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Mild, maybe some sun, and then back to dry, dry, dry

Dave Morrow

"No major storms, no major weather, as far as I can see."

That's weather expert Cliff Mass's summary for western Washington. Mild, perhaps a shower or two Friday night, and a chance of sun on Sunday.

Complaining? Mass says it's pretty boring, for a weather forecaster.

By the middle of next week, he predicts we are likely to return to that cold and dry pattern that we saw in the first half of December. Not so good for snow in the mountains, although the north Cascades have an above normal snowpack.

In the meantime, forecasters are having fun with a few weather anomalies, such as balmy days in Eatonville and Walla Walla.

As Mass noted in his blog, on Wednesday morning, 

one area of western Washington warmed into the lower 60s, with brisk southerly winds--more like Hawaii with strong trade winds than western Washington in midwinter. The location? The area around Eatonville (near the SW entrance to Mt. Rainier). ... Temperatures were in the 50s overnight and rose to 60F at 5:55AM! Temperatures help up until 1855 GMT (10:55 AM), after which cooling occurred. Why so warm? Hint: look a the winds.

It takes a unique combination, says Mass.  Winds coming from the southwest, with warmer air floating above the cool air at the surface. Then, if you happen to be at the foothills to a mountain range, the winds can blow the warmer air downhill -- and that pressure change warms it up even more.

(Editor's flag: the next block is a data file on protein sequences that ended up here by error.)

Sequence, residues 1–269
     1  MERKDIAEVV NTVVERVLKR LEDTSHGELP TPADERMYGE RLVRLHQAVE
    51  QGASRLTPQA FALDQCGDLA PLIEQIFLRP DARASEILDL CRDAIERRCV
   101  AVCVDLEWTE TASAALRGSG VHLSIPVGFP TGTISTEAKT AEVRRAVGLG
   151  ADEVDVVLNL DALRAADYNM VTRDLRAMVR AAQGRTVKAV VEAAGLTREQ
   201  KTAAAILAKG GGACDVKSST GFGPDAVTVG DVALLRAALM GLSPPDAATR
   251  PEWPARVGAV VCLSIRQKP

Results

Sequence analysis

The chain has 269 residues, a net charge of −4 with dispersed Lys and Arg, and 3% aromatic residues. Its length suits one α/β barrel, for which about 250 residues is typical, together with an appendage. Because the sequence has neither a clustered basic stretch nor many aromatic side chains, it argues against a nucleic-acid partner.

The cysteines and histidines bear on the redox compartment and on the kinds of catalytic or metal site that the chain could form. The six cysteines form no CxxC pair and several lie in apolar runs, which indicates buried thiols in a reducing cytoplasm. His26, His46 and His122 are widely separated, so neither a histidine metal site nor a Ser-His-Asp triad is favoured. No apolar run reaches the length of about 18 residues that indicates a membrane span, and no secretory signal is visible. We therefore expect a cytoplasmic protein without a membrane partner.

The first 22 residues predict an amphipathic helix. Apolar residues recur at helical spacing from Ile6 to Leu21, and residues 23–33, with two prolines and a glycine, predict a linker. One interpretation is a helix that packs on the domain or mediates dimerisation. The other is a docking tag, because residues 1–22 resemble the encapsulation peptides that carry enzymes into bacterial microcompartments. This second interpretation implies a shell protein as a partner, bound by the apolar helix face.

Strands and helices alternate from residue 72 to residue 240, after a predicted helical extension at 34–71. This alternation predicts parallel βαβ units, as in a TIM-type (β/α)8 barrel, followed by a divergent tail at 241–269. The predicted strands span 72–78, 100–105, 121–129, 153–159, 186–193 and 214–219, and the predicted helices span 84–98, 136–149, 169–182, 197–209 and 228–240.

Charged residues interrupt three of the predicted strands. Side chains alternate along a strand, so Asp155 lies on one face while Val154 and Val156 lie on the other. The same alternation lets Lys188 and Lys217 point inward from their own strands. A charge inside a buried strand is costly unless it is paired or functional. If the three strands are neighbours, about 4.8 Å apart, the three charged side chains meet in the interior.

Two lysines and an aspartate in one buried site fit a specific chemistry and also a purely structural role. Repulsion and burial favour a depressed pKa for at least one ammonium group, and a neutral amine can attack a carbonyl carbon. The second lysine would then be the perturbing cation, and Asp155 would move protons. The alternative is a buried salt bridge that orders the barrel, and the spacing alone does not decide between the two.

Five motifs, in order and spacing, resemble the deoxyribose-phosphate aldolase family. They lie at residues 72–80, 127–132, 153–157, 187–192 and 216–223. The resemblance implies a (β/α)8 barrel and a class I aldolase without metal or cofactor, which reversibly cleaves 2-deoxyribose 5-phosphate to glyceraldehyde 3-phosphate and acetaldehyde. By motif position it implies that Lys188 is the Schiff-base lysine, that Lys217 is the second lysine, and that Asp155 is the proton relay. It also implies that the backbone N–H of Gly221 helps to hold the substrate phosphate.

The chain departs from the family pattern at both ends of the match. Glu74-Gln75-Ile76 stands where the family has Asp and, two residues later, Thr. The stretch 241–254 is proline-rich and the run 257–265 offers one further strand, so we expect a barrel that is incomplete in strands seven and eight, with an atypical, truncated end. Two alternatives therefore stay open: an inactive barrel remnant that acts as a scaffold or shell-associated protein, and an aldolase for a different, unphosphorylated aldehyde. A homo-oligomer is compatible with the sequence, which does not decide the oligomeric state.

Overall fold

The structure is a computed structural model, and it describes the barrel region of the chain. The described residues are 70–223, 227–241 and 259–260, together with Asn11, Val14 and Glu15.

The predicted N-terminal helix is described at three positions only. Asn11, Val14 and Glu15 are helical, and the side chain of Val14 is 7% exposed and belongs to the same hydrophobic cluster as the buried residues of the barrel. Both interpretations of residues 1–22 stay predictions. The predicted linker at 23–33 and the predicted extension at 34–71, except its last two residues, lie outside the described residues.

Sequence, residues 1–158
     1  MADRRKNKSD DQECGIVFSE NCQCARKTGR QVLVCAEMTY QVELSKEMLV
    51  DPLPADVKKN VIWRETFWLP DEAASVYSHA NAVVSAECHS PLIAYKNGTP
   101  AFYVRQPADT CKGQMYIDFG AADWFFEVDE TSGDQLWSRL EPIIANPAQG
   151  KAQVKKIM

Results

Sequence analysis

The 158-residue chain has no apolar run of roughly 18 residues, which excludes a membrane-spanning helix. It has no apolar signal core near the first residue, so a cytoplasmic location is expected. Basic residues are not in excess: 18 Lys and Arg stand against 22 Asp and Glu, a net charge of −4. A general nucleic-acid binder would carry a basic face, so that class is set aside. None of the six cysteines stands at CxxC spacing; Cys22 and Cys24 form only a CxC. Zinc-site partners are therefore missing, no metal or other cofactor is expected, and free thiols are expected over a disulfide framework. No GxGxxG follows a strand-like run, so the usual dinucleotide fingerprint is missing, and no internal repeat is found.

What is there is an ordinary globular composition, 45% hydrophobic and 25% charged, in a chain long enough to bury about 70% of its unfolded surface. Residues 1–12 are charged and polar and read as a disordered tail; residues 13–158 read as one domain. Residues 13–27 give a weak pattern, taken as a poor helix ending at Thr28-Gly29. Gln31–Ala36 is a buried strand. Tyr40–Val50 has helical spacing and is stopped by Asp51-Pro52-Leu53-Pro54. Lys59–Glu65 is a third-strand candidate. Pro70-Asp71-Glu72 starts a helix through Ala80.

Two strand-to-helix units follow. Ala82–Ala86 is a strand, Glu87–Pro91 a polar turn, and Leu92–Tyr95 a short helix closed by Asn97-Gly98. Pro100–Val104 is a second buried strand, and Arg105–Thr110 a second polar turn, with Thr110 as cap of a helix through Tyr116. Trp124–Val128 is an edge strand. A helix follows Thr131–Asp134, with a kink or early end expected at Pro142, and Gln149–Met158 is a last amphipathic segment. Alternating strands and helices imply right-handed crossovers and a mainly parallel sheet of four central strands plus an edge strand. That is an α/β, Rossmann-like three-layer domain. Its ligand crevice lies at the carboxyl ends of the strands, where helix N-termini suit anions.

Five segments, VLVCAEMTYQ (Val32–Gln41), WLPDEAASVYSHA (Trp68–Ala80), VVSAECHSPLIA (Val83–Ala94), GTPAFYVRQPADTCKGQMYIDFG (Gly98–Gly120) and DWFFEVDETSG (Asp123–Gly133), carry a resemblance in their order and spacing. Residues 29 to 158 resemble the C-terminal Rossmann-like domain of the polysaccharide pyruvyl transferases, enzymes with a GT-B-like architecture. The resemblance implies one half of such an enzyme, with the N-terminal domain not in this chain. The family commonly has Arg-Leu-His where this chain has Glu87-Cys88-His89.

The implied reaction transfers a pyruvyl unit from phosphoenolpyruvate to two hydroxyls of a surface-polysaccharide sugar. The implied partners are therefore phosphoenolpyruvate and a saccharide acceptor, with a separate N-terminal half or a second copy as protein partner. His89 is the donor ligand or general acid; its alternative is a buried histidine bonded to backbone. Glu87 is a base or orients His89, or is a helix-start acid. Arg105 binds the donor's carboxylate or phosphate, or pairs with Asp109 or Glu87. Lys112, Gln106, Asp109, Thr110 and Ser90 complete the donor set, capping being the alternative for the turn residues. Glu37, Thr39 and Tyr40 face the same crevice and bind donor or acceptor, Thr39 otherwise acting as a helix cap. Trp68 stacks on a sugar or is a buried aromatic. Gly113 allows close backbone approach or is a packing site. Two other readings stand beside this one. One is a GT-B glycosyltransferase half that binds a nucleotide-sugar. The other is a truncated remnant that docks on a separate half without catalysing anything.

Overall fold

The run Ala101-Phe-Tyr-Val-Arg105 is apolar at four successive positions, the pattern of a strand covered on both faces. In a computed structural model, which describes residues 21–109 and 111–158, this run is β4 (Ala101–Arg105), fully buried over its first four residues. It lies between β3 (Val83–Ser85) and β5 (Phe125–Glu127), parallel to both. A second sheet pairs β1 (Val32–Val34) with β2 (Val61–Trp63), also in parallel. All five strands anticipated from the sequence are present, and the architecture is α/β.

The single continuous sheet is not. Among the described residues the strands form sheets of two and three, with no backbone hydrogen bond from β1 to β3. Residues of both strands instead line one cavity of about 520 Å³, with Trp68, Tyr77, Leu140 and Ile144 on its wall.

The north side of the Oregon Blue Mountains can get real toasty, even midwinter, under such conditions, with the towns of Walla Walla and Pendleton in the banana belt.

The weekly KPLU feature "Weather with Cliff Mass" airs every Friday at 9 a.m. immediately following BirdNote, and repeats twice on Friday afternoons during All Things Considered. The feature is hosted by KPLU’s Health and Science reporter Keith Seinfeld. Cliff Mass is a University of Washington Professor of Atmospheric Sciences and renowned Seattle weather prognosticator.You can also listen to a podcast of this and previous "Weather with Cliff Mass" shows.

Keith Seinfeld has been KPLU’s Health & Science Reporter since 2001, and prior to that covered the Environment beat. He’s been a staff reporter at The Seattle Times and The News Tribune in Tacoma and a freelance writer-producer. His work has been honored by the American Association for the Advancement of Science (AAAS) and the Knight Science Journalism Fellowships at Massachusetts Institute of Technology.